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Based on a total of 10 ratings/reviews, Dispermox has an overall score of 5.60. The effectiveness score is 6.60 and the side effect score is 7. The scores are on ten point scale: 10 - best, 1 - worst. Below are selected reviews: the highest, the median and the lowest rated.

Dispermox review by 53 year old female patient

Overall rating:  
Effectiveness:   Highly Effective
Side effects:   No Side Effects
Treatment Info
Condition / reason:   Tooth abscess
Dosage & duration:   1 tablet taken 4 times a day for the period of 7 days
Other conditions:   none
Other drugs taken:   none
Reported Results
Benefits:   The abscess cleared totally after taking the stated dose for 4 days. The full 7 day course was however taken.
Side effects:   There were no noticeable side effects.
Comments:   The doctor advised taking 2 tablets for the first dose to 'kick start' it into my system, which I did. After 4 days of the treatment, the swelling and the pain had almost gone. I was then able to attend a dentist who could examine and treat the tooth that caused the abscess.


Dispermox review by 20 year old female patient

Overall rating:  
Effectiveness:   Considerably Effective
Side effects:   Moderate Side Effects
Treatment Info
Condition / reason:   Tonsillitis/Strep Throat
Dosage & duration:   500mg taken t.i.d. for the period of 10 days
Other conditions:   none
Other drugs taken:   oral contraceptive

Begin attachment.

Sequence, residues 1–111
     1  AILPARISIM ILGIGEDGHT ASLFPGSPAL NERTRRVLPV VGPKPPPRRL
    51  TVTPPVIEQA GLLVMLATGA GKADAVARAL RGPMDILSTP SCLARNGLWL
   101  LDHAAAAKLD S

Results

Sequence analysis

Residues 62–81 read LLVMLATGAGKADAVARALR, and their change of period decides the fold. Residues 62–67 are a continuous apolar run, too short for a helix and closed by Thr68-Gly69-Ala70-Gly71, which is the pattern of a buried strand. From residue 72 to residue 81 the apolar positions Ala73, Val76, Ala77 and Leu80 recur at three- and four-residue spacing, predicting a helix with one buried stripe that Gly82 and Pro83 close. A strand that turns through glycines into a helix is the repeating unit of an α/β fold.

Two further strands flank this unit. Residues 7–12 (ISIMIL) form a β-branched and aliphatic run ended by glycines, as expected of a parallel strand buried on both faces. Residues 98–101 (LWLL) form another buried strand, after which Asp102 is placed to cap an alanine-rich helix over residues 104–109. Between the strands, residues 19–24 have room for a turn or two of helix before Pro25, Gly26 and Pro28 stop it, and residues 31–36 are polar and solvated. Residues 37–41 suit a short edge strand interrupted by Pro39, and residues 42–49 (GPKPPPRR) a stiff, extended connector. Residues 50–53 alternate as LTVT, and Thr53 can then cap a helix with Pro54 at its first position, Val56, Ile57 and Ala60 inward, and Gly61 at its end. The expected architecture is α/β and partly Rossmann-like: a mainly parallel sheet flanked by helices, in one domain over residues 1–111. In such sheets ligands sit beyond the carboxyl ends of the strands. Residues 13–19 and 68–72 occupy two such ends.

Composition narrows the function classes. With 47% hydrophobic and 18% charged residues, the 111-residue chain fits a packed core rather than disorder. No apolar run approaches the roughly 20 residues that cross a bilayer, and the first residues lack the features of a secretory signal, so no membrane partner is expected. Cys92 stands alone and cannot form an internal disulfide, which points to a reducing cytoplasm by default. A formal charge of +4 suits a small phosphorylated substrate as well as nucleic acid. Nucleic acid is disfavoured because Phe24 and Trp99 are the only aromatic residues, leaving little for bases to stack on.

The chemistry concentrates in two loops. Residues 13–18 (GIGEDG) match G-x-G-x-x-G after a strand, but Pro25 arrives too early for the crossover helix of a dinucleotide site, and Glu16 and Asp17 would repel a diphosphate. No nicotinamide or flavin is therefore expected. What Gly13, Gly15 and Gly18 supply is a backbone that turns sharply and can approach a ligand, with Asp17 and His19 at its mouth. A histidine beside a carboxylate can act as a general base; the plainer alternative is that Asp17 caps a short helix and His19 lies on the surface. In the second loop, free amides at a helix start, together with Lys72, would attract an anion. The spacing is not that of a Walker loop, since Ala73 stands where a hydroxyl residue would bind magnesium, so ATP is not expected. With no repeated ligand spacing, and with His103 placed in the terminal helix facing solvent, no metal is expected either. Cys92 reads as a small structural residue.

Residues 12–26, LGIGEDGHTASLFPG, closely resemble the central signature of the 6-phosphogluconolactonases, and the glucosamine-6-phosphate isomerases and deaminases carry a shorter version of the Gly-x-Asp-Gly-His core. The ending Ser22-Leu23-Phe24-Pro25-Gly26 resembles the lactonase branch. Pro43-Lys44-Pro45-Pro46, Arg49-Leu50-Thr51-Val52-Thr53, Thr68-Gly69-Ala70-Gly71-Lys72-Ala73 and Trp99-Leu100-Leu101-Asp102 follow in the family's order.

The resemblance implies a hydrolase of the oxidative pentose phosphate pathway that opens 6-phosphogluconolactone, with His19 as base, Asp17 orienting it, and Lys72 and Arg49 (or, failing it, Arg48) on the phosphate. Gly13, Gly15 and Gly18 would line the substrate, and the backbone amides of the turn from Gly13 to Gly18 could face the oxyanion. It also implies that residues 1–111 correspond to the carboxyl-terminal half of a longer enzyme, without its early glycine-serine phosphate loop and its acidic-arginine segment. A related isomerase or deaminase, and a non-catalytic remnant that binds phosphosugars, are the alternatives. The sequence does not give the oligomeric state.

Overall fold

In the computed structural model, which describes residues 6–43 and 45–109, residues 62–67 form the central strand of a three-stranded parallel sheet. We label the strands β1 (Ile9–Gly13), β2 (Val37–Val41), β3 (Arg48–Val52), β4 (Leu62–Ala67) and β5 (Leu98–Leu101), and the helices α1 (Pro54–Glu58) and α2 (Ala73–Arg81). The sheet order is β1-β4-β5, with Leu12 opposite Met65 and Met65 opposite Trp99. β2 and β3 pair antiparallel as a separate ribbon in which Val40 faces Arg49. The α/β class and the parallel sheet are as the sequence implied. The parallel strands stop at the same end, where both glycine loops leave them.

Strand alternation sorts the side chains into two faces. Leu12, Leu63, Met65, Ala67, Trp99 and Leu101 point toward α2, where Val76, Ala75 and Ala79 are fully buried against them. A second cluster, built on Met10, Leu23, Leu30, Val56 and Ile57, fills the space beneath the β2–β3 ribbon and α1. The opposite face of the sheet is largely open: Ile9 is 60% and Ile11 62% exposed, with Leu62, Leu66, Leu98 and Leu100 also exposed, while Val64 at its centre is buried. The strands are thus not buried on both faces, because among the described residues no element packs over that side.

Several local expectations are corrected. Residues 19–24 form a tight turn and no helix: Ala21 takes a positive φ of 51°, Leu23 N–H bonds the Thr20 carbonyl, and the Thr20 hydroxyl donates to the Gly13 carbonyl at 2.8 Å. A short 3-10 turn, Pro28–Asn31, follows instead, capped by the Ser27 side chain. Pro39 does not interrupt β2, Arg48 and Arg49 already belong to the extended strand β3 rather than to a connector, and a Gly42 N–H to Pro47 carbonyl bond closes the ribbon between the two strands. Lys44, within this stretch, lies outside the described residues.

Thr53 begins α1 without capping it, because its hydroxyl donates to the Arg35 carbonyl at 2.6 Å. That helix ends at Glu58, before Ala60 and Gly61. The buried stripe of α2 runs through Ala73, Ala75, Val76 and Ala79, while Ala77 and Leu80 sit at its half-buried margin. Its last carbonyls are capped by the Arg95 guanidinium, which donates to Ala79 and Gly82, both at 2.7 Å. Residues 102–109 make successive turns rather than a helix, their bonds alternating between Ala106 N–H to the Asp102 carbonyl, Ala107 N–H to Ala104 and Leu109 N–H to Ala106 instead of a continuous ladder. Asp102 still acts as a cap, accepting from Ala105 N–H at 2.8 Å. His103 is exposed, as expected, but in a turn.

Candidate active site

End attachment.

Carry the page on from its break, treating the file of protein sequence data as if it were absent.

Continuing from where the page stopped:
Reported Results
Benefits:   Cured the tonsilitis/strep throat
Side effects:   Vaginal Yeast Infection, itchy red rash over entire body except face. Arms and legs had the most severe rash.
Comments:   Instructed to take two 250mg capsules every 8 hrs for 10 days. No discussion about possible side effects or what to do should they occur. I thought my skin had come into contact with something that I was allergic to because I didn't realize it was a drug reaction since that rash started on the 8th day antibiotics.


Dispermox review by care giver of 4 year old female patient

Overall rating:  
Effectiveness:   Ineffective
Side effects:   Moderate Side Effects
Treatment Info
Condition / reason:   ear infection
Dosage & duration:   4 mls 3x/day for 7 day (dosage frequency: 3) for the period of 7 day
Other conditions:   took the medication few day after recovering from chicken pox
Other drugs taken:   none
Reported Results
Benefits:   To clear the ear infection she was having and the mild cough and other cold systom she was suffering from at the time. The drug is a penicilin-type antibiotic used to treat a wide variety of bacterial infections.
Side effects:   Nausea vomiting or diarrhea may occur. the medicine may cause temporary staining of the teeth, serious side effects such as dark urine,persistent nausea or vomiting,stomach pain or cramping or blood or mucus in your stool. Prolong use oral thrush or a new viginal yeast infextion. White patch in your mouth a change in vaginal discharge or other new systoms. My child itch all over
Comments:   I can't remember quite well but it was to take it after each meal 3 times a day.

See all Dispermox reviews / ratings >>

Page last updated: 2013-02-10